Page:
Wednesday, November 24, 2010

One day at Magnolia Creek, i remember a strange and slightly annoying guest-therapist asking us all to draw a picture of what the journey of recovery looked like to us from where were at that moment.

the girls and i were clustered in the middle of the group room floor, some of kneeling, some settled into beanbags, i was cross-legged. construction paper and markers encircled us, and i remember thinking that of all the ways i could have been spending my time, i was sitting at a rehabilitation center with a hauntingly soft-spoken therapist and coloring supplies all around me.

i first chose a yellow sheet of paper and i drew a road that narrowed into a distant mountain with a cross at the top. people i know and love and people i'll one day know and love walked the same road, each of us headed for Home.

when i rested the finished drawing on the carpet in front of me the therapist asked a little too kindly if i would share what i'd drawn with the group.

i glanced at him through lowered eyes, leaned forward on my kneecaps and reached with a stretched arm and fingertips for a black piece of paper a few feet away.

i settled back into the carpet and then at the bewilderment of the therapist, but not really the girls, i folded the paper in half, placed on the ground like a triangular tunnel and held my drawing of the road and the mountain at the paper tunnel's end.

"This yellow one- this isn't my recovery," I said, "The scary black-hole-tunnel- that's my recovery- the yellow is the rest of my life afterwards."

The therapist asked me to explain...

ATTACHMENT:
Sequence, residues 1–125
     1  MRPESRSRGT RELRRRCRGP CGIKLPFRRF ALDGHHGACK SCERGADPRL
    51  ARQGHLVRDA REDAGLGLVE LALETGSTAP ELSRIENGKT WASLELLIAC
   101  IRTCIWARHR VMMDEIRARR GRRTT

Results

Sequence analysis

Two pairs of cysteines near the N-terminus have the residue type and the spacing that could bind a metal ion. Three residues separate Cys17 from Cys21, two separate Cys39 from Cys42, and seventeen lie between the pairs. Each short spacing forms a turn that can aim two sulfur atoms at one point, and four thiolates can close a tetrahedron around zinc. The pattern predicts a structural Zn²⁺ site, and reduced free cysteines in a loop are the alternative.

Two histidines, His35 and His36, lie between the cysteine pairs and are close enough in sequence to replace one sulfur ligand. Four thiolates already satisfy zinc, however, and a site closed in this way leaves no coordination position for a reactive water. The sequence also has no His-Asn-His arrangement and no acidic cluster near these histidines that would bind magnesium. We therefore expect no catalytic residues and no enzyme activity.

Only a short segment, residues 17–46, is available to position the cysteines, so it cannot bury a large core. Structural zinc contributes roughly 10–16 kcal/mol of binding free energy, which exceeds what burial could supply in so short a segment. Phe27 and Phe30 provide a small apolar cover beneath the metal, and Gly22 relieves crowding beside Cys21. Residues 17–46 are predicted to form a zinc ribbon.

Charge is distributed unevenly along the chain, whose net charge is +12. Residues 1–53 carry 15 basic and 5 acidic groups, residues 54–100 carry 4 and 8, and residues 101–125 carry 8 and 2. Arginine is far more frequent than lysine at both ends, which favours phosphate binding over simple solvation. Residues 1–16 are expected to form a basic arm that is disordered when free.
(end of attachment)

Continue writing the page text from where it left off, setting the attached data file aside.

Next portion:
"well," I said, "i'm not going to pretend that recovery sounds fun or exciting or easy or even like something i want to do at this point. To be honest, i've never felt so terrified of anything in my whole life, but i have to give this up, and so i'm just going to walk blindly into this awful black abyss and trust that God's got a light for me on the other side."

fast forward to yesterday.

i spent the first half of the day on the road home...just me, my car, and about ten cds i made for the thanksgiving journey.

aside from the fact that thick clouds hid the early sun from the treetops, i was thrilled for the music-filled hours ahead, until i saw this:

oppressed by the ominous sky ahead, i couldn't help but reminisce the feeling of jumping into a black hole that accompanied my initial decision to recover. the january day when i folded that black sheet of paper and yesterday morning's drive had more than just an oppressively dark-looking future in common: both offered only two courses of action: forwards or backwards; and when i chose to move forward, both would provide me a torrential downpour: